Interview: Daniel Donskoy’s Journey to The Pianist

Donskoy stars in Emily Mann’s stage play based on the life of Holocaust survivor Władysław Szpilman.

Stories don’t get more harrowing than that of Władysław Szpilman, the Polish Holocaust survivor whose life was immortalized in the Roman Polanski film The Pianist. Now, Szpilman’s tale of strength is getting the stage treatment at George Street Playhouse in Emily Mann’s play of the same title (through October 22).

Taking on the title role is actor Daniel Donskoy, best known for playing James Hewitt on The Crown and here making his American stage debut. Donskoy is aware of what rests on his shoulders and he doesn’t take his responsibility lightly. Here, he tells us about why it doesn’t even get easier with time.

The Pianist GSP 09 23 097 T. Charles Erickson
Daniel Donskoy in The Pianist at George Street Playhouse
(© T. Charles Erickson)

This conversation has been condensed and edited for clarity.

This is an especially harrowing story to tell night after night. Does it get easier with time?
I thought it was going to become easier want to settle into the role, but it actually hasn’t. Every night you discover more things that…On the one side as an actor, it’s so lovely to rediscover yourself and rediscover your cast mates and rediscover the story. But that also means that every night you are shocked anew, and you are feeling it anew. I’m a very physical actor, so I can’t settle into the whole thing. I feel my body heavily reacting to this material because it’s so personal and the audience is breathing it with us. I’ve never seen such a silent audience in my life. They’re just silent, and then at some point, all you hear are tears. It does something to you, and that’s the beauty of it. But I’m a very sensitive person.

How are you taking care of yourself?
Not very well. I tried the thing of going to a bar and drinking the sorrows away. That doesn’t work. So I went back to the traditional, like, go to sleep, wake up, try to do something nice. All my closest family and friends all live in Europe, and because of the time difference, I can’t even call them after the show. I can’t call my mom to be like “Help me.” Thankfully, I’m good friends with my cast mates here. So its mainly, wake up, go to the gym, read the news, scroll through my Instagram and my TikTok, and think about everything but the Holocaust.

Is it weird to have gone from playing the perpetrator in A Small Light to the victim in The Pianist?
It is odd that in the first two American projects I’ve ever worked on, in one, I’m a Nazi, and in the other, I’m Wladyslaw Szpilman. That’s exactly what I love about this job. It can be as contrasting as starting work as a Nazi and then doing one of the most emotionally loaded stories of survival in the Holocaust. It’s weird to use the word joy, but it brings me the joy of my craft.

At the end of the day, it’s not real. I’m not the story. I’m telling someone else’s story and reminding myself why I am telling that story. Why was it important for me to play Karl Silberbauer? Because we were telling the incredible story of Miep Gies. It wasn’t about me playing the Nazi; it’s about being a little piece in a puzzle that tells the story of an extremely brave Dutch woman who decided to risk her own life to save people. I don’t think about the fact that I played a Nazi, I’m just so happy to be part of a show that brings this story to people.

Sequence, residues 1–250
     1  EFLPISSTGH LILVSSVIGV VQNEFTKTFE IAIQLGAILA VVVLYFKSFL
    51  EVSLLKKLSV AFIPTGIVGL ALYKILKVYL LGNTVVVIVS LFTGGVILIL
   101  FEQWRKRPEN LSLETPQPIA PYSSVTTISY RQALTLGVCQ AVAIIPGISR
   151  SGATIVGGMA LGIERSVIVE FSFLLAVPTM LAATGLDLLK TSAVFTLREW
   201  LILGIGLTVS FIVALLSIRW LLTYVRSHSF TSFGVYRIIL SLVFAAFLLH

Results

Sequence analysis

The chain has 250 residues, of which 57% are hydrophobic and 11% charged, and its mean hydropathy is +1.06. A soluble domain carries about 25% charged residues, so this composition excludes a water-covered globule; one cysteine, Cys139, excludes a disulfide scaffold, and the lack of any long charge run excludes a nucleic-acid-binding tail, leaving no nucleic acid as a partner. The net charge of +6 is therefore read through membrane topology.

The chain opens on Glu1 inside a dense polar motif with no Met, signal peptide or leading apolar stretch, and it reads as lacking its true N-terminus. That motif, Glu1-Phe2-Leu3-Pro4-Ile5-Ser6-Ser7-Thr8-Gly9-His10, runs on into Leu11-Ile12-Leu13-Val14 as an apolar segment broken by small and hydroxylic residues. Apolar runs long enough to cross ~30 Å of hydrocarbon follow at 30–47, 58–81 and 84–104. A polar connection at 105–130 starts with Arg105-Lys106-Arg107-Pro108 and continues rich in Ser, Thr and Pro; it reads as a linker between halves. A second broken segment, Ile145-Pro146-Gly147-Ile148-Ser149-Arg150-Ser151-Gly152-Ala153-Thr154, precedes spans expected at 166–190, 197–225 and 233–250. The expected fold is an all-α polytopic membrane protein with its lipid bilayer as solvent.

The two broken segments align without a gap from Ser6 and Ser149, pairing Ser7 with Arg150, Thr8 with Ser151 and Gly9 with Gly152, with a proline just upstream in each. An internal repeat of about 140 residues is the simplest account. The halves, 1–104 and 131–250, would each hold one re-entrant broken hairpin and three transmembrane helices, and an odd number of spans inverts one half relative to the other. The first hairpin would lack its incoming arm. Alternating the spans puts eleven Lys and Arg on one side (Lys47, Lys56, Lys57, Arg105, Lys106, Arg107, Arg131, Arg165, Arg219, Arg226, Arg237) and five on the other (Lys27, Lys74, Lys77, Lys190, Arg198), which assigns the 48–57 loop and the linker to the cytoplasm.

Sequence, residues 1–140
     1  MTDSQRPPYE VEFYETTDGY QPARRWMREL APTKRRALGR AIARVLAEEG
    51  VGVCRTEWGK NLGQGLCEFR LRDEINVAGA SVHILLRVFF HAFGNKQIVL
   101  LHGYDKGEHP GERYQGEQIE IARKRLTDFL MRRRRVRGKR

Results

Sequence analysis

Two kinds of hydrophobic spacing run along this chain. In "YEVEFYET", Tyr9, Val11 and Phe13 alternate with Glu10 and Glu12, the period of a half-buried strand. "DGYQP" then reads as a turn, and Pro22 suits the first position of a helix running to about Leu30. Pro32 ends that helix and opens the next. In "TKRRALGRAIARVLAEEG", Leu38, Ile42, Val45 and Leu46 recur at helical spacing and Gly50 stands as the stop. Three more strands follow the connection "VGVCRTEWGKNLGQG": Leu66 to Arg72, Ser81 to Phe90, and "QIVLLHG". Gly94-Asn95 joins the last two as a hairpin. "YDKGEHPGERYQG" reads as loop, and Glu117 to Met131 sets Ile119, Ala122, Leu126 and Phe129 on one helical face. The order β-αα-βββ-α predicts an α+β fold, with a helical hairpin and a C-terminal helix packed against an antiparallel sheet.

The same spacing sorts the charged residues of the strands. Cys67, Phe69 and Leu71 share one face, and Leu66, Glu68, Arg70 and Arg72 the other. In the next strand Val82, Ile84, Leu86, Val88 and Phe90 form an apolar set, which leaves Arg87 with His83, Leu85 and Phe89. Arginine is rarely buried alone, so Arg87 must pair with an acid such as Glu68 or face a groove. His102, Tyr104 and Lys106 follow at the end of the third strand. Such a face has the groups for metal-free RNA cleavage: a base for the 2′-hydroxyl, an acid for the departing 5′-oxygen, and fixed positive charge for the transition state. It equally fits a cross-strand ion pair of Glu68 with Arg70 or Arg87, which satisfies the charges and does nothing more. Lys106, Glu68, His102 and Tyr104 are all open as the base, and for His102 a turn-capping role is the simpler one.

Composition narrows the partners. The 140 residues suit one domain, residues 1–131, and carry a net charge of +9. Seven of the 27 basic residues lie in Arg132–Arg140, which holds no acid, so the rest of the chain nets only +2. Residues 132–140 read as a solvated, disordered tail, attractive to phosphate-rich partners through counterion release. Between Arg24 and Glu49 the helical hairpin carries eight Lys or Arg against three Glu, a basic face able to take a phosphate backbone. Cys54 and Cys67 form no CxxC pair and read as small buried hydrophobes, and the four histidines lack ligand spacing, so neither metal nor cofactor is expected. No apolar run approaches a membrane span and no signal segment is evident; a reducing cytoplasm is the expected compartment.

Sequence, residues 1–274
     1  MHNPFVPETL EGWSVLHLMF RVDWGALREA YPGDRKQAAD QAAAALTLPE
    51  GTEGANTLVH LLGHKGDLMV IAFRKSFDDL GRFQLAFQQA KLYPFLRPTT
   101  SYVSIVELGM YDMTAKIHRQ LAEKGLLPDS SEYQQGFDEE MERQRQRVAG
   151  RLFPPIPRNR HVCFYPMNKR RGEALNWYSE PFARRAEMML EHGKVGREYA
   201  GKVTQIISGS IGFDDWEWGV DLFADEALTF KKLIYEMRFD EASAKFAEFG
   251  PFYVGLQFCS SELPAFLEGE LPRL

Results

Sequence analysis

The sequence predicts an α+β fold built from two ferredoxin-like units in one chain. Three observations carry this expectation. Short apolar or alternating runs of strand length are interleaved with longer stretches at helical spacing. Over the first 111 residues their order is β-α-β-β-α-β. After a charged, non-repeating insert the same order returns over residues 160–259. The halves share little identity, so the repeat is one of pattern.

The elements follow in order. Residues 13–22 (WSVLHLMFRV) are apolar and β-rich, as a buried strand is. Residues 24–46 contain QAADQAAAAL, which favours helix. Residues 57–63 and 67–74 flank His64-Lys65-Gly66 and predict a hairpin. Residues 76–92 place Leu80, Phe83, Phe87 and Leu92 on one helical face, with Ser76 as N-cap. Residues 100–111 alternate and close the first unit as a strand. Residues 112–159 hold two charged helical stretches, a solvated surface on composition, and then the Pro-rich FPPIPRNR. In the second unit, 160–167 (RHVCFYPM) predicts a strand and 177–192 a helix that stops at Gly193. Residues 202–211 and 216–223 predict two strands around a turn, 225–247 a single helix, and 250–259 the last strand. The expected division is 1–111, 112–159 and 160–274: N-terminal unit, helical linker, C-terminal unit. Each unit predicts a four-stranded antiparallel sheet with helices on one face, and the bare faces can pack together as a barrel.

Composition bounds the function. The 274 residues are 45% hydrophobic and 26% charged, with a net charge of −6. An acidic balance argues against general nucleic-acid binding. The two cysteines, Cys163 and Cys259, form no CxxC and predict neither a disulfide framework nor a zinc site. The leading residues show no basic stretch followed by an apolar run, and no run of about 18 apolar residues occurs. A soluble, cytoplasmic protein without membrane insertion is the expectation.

It’s the same with The Pianist. I’m not saying “I’m a Jew and this is the Holocaust” before I go on stage. I’m a human being, this is my family, I love them, and there are people who want bad things for us. The interesting thing about historical drama is that they don’t know what’s going to happen. We have all the history books that taught us, but they don’t know they’re going to be historical. You have to forget everything you know, because they don’t know anything.

Same again here. I’m not going every morning or every time before stage and go. I’m a Jew, I’m a Jew, I’m a Jew and this is the holocaust. I forget all of that. I go, I’m a person, I’m a human being. This is my family. I love them. And there are people who want bad things for us because obviously it’s the, the interesting thing about historical drama is they all don’t know the word holocaust. They all don’t know what’s gonna happen.

In terms of that, what was your frame of reference for The Pianist?
I definitely knew the film. I didn’t consciously rewatch it. I remember it being harrowing and horrible, and the first thing I remembered was the scene where they pushed the man in the wheelchair.

That seems to be everyone’s first memory of that movie. It was mine, too.
And how odd is that? It’s a film about the survival of one of Poland’s finest pianists and what stays in people’s mind? The scene where they push the man in the wheelchair.

So yes, I was familiar with it. But Emily Mann’s script is different. In this production, I move back and forth from narrating to being in scenes with my cast, constantly moving between the two. A film doesn’t need a narrator because the camera is inside Adrian Brody’s face. You see every move. We’re different because you need to address the audience. You can feel the urgency of the playwright wanting to share this point of view. I’m desperate to rewatch the film, but I’ll only do it once we’ve closed.